Another year of living covidly (hence no book fairs) but there have been some great New Zealand publications this year. A third of the book I read in 2021 and my top three recommendations are all recently published books by NZ authors. Check them out!
Come Back to Mona Vale – Alexander McKinnon
Family secrets, a gothic mansion, and hidden documents – how could I not love this? The story of the wealthy Gough family of Christchurch – a tale of madness, greed and infidelity but it’s also an elegy to the city ruptured by the earthquake. The disintegration of Tracy Thomas Gough’s family is uncovered in true detective fashion by his great-grandson.
Unsheltered – Clare Moleta
Despite the bleak dystopian setting of an Australia ravaged by climate change I was gripped by the story of Li who sets out to find her missing 8-year-old daughter. The language is bare and stripped down – no dialogue tags, Weather with a capital W requires no pronoun – and it works to convey conserving energy, not wasting emotion against the hopelessness of their situation. A clever structure reveals through flashbacks the backstory of Li’s relentless search for her child.
Dressed: Fashionable Dress in Aotearoa New Zealand 1840 to 1910 – Claire Regnault
A sumptuous book filled with images of the most exquisite Victorian clothing sourced from museums throughout NZ, beautifully photographed and full of fascinating information about the people who wore them. There are chapters on Māori fashion, feathermania, mourning traditions, shopping and home sewing – a fabulous resource for historical fiction writers.
The Underground Railway – Colson Whitehead
The psychological trauma and the physical brutality of slavery is portrayed compassionately and with subtle nuance. Compressing later historical events into the 1850s makes a powerful statement against racism and depicting the network of people helping slaves escape as an actual railway is an imaginative leap that adds to the story.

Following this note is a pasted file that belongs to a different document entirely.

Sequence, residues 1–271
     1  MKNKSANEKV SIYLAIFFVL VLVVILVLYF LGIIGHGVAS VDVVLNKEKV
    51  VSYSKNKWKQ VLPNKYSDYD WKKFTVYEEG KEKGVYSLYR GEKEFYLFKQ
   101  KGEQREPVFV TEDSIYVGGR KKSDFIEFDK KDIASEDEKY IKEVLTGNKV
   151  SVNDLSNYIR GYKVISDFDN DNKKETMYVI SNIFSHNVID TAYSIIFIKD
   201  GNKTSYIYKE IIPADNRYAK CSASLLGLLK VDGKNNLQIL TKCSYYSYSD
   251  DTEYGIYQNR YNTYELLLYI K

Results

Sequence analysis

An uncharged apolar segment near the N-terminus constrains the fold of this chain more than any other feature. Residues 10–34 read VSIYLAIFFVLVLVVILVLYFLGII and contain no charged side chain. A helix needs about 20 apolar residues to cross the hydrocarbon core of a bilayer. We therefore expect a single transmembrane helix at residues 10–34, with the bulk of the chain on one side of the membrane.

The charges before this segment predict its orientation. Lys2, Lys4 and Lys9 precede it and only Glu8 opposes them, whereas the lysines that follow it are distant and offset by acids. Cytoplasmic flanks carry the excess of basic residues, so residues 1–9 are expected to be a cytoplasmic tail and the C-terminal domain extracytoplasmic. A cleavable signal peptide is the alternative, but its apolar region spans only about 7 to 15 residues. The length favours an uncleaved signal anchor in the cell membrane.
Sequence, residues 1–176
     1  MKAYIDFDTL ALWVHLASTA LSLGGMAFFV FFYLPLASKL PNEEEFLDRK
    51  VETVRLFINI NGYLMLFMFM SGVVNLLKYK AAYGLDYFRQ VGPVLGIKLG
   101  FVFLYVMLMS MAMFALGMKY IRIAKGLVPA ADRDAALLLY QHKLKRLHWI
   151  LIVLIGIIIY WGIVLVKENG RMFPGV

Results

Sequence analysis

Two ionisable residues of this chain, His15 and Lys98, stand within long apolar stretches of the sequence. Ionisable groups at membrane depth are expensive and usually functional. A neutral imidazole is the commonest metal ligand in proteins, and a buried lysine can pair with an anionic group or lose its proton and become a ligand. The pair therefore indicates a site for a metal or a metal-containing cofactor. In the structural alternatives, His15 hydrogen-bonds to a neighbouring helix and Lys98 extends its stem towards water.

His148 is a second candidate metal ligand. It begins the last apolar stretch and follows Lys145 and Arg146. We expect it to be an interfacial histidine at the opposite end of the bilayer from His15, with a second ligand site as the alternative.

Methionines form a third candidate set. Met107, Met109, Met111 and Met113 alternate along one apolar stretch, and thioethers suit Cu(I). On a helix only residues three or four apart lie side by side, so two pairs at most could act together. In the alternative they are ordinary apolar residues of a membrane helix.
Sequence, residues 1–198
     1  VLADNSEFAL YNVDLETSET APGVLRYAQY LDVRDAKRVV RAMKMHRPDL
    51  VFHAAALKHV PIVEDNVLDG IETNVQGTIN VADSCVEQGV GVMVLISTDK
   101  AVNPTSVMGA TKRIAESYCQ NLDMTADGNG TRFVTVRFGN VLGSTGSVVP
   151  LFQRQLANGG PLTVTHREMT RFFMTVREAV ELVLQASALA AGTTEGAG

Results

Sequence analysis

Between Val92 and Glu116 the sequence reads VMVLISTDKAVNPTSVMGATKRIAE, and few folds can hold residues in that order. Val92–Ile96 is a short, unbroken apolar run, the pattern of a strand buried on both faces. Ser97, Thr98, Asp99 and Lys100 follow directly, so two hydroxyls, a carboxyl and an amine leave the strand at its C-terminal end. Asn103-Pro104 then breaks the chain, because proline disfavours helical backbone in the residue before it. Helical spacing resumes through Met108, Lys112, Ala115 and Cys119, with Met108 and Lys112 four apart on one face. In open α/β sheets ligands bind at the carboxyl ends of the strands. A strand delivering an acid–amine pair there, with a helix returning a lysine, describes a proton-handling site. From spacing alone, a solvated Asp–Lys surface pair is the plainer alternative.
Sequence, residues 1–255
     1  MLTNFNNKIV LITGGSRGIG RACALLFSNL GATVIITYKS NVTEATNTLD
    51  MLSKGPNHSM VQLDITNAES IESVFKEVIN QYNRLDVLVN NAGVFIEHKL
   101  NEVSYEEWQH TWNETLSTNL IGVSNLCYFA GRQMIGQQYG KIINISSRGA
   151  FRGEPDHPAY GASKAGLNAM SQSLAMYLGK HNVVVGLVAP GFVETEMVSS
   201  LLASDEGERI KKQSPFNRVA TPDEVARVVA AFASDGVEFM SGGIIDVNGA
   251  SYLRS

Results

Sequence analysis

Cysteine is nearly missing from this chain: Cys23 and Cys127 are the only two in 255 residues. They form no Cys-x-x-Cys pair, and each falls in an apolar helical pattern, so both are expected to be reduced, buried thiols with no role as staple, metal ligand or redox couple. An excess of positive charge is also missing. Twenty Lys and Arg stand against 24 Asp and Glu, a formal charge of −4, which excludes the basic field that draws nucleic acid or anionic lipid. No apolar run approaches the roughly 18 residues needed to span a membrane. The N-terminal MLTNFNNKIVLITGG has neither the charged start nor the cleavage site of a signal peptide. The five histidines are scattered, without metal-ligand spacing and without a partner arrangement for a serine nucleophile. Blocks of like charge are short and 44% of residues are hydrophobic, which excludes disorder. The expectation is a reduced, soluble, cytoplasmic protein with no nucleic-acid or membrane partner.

A God In Ruins – Kate Atkinson
A ‘companion’ novel to Life After Life about Ursula’s brother Teddy, who is a WW2 pilot in Bomber Command. It tells the story of how his war experience affected his life – with a twist at the end. I loved the way the story looped back and then jumped forward and the visceral descriptions of the bombing raids were exceptional.
The Dark is Light Enough – Vincent O’Sullivan
A superb biographical portrait of the NZ artist, Ralph Hotere. Black Phoenix, created from the charred hulk of a fishing trawler is an astonishingly beautiful art work that I have been lucky enough to see.
The Tally Stick – Carl Nixon
A psychological thriller about three children that survive a car accident in the remote West Coast of NZ. Thirty-two years later their English aunt is informed that the skeleton of the eldest boy has been discovered, but what happened to the rest of his family? Why was he carrying a tally stick, his father’s watch, a dog collar and a wad of money? The characters have a lot of depth and I couldn’t put this book down.
The Disappearance of Lydia Harvey – Julia Laite
A feminist history about ‘white slave trafficking’ that follows the case of Lydia Harvey from Oamaru, NZ who ends up as a prostitute in Argentina then London in the early 1900s. Fascinating and extensive research reclaims the victim at the heart of this story.
Unsettled Ground – Claire Fuller
Middle-aged twins, Jeanie and Julius, struggle to cope after the death of their mother. They’ve lived a secluded life on the margins of society since the death of their father when they were eleven years old, but are now being evicted from the only home they know.
The Commercial Hotel – John Summers
A diverse collection of essays (preoccupations) that are quirky, reflective and insightful – often touching on forgotten snippets of NZ history. One to keep for rereading.